SHERMAN, Tex. -- Austin College officials announced plans for future expansion in Thursday’s annual State of the College Address.
School president Oscar Paige says Austin College is better than ever. The college has completed several campus beautification projects in the last year, but the success isn't just good news for the college and its students; it's also good news for the entire city of Sherman.
It’s a speech Austin College president Dr. Oscar Paige gives every year to inform the college's faculty, alumni, and friends on its progress.
This year, Dr. Paige has some great news.
"It’s about $2 million more in investment to the community this year, and about $20 million more over the previous year, as far as the total economic impact."
Dr. Paige says an economic impact study done earlier this year shows Austin College has had a $181 million impact on the Sherman and Grayson County community over the past year.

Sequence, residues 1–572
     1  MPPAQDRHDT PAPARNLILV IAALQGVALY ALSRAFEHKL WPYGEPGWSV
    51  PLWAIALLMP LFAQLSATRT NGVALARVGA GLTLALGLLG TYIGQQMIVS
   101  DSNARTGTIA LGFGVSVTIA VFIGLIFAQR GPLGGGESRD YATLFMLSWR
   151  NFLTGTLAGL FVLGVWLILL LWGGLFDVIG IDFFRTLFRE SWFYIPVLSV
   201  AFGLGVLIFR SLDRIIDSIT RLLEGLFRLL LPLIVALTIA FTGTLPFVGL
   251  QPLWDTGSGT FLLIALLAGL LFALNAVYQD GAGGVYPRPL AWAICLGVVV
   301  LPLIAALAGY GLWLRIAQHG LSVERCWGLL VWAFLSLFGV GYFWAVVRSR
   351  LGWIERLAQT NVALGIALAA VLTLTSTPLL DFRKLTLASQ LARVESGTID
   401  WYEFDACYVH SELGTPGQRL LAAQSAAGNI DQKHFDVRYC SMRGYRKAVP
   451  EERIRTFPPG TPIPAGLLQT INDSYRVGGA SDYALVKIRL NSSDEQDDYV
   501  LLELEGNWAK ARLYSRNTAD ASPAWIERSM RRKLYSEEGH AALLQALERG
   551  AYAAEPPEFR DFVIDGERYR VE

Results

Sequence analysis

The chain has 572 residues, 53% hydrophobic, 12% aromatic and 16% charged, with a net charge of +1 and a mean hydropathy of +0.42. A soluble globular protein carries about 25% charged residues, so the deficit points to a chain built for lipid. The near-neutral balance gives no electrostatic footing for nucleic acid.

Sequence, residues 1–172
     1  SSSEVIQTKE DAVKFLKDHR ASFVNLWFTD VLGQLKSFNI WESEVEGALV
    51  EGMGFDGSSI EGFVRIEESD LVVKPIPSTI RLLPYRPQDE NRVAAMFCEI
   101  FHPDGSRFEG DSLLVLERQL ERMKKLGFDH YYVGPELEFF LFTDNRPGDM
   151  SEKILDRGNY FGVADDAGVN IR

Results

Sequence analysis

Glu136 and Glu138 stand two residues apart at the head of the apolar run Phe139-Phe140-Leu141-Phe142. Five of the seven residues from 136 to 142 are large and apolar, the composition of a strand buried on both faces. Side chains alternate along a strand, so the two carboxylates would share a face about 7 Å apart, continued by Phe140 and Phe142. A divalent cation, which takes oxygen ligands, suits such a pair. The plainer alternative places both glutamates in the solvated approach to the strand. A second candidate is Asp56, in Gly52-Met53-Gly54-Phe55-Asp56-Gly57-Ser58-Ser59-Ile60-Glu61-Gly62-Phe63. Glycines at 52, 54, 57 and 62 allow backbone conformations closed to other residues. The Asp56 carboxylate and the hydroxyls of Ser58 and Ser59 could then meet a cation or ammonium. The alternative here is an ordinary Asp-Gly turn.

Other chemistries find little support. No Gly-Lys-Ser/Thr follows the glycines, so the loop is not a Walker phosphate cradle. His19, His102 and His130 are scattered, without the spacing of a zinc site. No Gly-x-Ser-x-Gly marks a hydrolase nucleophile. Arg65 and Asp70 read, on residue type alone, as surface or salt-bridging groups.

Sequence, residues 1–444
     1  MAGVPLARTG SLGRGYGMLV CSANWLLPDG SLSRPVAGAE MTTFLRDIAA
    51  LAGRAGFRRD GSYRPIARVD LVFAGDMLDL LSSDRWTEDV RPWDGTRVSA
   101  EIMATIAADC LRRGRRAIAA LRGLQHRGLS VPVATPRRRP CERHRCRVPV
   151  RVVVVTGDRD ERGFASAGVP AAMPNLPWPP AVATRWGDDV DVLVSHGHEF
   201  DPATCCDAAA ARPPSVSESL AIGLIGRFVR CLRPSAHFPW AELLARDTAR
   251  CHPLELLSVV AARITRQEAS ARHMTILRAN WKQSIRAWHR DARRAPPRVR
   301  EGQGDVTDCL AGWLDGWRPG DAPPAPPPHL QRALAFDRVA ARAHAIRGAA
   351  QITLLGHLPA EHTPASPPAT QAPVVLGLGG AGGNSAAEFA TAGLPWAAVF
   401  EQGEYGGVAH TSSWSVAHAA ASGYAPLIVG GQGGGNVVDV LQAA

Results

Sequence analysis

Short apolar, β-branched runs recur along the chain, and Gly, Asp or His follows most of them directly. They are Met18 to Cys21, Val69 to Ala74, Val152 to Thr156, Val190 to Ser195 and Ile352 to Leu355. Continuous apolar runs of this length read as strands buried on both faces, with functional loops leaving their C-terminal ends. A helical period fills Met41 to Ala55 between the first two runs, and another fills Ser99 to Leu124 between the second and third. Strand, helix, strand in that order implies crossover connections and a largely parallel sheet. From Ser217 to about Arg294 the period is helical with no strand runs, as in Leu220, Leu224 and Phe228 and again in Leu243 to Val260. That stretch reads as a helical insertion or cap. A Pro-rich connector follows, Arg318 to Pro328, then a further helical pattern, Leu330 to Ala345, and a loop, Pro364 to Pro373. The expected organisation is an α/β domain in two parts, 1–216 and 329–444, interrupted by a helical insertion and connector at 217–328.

That includes the creation of 3,200 new jobs to accommodate both students and their parents.
"We have just benefited in multiple ways and every business in this community needs to be connected to this college,” says Texoma Council of Governments executive director Frances Pelley.
Pelley says new projects like the Art Center on the north end of campus, and the proposed science building, which is set to be built in the next couple of years, will only add to the success of the college and the community.
That’s why Pelley says its time for the community to give back.
"You can name that scholarship in honor of a family member, and you can pick which benefit you wan the scholarship to benefit, whether its athletic, academic, art, or music."
On Thursday, officials kicked off the Texoma Campaign, an effort to encourage community members to sponsor scholarships for Austin College students.
Officials say it's a way to improve the community and see a true reward.
"The students themselves go out and change the world, but the college itself has a huge economic impact on this community."
No word yet on when construction of the new science building will begin, but school officials say once the project is started it should take a couple of years to complete.